// Register your own bindings
  }

  public async boot() {
    // All bindings are ready, feel free to use them
  }

  public async ready() {
    // App is ready
  }

  public async shutdown() {
    // Cleanup, since app is going down
  }
}

As you can see there are four lifecycle hook methods populated on the provider class.

  • register
    Called before your application is booted and before namespace bindings have been registered. This is where you can register your own namespace bindings within your application.

  • boot
    Called when your application has booted. At this point and time, all namespace bindings within your application have been registered and are ready to use.

  • ready
    Called when your application is fully running. Think of this as the equivalent of client-side JavaScript’s DOMContentLoaded event.

  • shutdown
    Called when your application is being shut down. This is where you’ll want to clean up anything you’ve registered that needs to be destroyed in order for your application to gracefully shut down.

Top-Level Imports

An important thing to note, as commented in the provider code above, is that when the provider file is imported, the IoC Container is not yet ready. So, in order to import files that use the IoC Container, you’ll need to import them within the lifecycle method you need to use them within.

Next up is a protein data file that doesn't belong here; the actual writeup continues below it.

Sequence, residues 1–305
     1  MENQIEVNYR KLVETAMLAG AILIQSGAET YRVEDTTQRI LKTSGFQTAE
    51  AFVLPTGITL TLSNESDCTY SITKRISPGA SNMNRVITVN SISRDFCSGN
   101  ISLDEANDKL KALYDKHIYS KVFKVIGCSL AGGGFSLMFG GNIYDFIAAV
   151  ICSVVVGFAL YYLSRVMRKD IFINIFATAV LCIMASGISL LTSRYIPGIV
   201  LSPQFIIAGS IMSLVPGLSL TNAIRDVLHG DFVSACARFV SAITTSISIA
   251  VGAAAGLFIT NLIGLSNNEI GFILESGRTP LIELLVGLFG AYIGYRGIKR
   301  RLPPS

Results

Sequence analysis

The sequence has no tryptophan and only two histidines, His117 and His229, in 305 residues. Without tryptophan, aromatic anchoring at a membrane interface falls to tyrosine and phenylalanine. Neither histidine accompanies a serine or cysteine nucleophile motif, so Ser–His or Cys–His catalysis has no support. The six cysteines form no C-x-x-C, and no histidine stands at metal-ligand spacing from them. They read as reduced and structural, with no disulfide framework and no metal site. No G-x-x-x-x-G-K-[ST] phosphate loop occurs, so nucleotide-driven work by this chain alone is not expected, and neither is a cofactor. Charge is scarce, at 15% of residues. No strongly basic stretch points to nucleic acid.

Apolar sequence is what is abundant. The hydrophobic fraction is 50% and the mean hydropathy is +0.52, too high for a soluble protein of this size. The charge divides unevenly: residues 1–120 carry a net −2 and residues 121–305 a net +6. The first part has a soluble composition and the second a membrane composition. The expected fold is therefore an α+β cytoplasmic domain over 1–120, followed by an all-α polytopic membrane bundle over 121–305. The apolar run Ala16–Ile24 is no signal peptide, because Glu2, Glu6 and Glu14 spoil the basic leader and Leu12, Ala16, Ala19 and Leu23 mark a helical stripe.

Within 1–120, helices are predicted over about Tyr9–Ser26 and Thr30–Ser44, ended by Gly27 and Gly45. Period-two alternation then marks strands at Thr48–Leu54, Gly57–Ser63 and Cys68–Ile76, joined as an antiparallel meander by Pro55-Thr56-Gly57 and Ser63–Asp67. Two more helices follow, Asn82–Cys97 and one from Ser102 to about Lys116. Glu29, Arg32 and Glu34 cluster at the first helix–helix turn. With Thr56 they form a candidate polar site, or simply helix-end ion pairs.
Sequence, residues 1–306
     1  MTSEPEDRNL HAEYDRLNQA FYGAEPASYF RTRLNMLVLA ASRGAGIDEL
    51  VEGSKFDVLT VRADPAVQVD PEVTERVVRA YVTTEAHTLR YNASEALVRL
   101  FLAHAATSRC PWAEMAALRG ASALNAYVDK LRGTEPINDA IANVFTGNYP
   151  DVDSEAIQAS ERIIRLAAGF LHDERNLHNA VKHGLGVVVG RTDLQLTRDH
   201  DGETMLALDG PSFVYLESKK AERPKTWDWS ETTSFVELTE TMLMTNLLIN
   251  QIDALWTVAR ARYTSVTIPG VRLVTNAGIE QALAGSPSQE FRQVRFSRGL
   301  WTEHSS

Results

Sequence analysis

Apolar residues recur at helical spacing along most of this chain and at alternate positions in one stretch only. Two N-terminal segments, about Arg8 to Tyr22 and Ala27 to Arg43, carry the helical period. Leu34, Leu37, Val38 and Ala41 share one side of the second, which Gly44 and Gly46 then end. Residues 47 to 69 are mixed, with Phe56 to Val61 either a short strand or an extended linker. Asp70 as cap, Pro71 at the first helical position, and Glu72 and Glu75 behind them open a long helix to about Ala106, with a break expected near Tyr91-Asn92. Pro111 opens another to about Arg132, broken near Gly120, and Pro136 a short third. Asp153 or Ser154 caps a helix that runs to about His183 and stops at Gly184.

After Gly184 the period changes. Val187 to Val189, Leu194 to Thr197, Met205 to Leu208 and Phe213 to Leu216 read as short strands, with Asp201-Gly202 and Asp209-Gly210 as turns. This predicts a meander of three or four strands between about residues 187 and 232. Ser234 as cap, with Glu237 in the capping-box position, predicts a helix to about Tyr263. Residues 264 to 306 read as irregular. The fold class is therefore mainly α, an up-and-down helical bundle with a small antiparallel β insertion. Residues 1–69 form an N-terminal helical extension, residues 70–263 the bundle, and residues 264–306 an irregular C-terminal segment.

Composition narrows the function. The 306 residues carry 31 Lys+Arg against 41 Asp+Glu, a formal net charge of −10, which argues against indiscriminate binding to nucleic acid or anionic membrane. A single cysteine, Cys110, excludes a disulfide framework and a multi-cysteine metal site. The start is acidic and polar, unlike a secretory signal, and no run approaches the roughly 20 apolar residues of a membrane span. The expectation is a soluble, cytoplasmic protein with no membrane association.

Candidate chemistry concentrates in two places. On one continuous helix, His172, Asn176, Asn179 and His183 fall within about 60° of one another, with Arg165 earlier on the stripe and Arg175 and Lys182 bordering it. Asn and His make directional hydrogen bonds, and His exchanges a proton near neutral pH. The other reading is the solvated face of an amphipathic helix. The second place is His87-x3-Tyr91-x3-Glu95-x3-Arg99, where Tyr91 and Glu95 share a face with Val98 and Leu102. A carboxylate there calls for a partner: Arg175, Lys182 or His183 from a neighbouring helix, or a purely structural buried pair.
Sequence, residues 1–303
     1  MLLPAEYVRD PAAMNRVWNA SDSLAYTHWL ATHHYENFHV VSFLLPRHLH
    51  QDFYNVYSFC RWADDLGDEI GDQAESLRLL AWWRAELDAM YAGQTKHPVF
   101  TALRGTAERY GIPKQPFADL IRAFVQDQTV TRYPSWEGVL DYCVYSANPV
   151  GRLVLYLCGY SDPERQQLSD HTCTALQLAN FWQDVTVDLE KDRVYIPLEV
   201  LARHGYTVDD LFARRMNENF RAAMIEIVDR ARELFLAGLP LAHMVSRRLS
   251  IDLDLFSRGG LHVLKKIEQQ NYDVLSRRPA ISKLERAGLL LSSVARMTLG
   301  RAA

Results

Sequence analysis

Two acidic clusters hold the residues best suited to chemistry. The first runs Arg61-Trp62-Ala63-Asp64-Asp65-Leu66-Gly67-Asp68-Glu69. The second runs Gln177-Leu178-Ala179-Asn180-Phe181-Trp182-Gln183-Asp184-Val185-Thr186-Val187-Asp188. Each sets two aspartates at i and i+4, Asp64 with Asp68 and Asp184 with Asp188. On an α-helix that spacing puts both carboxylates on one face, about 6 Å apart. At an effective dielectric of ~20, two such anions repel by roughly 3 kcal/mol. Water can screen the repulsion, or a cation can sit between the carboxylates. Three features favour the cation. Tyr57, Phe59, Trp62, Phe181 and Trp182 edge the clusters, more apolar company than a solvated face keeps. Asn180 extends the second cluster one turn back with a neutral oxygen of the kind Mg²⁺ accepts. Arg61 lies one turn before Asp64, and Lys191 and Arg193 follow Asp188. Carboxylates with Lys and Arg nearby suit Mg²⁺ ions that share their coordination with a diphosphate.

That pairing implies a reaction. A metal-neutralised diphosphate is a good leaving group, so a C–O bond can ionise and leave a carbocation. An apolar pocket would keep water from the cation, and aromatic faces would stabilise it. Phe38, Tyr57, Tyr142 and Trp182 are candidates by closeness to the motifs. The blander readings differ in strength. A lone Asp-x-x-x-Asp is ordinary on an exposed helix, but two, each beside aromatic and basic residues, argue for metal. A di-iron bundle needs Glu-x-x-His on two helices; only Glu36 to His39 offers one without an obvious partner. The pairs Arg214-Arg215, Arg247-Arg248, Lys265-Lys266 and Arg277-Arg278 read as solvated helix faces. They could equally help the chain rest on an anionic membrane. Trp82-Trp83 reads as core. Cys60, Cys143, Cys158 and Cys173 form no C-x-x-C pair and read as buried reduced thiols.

As the comment example outlines, an example of this is:

public async ready () {
  const Database = this.app.container.resolveBinding('Adonis/Lucid/Database')
  const Event = this.app.container.resolveBinding('Adonis/Core/Event')
  Event.on('db:query', Database.prettyPrint)
}

Here, we’re importing the Database and Event modules within the ready lifecycle method inside of a provider.

Inside of these lifecycle hooks, we can make use of the IoC Container via this.app.container. So, in the example, we’re using the IoC Container to resolve a registered namespace binding for both the Database and Event modules.

Creating A Service Provider

When it comes to creating a Service Provider, you could manually create and register a file equivalent to the above within your application, however, you can also use the Ace CLI to easily generate one into your project for you.

The Ace CLI command we’ll want to run to generate a new provider file is:

node ace make:provider <name>

Let’s take a look at the Ace CLI help options for this command.

node ace make:provider -h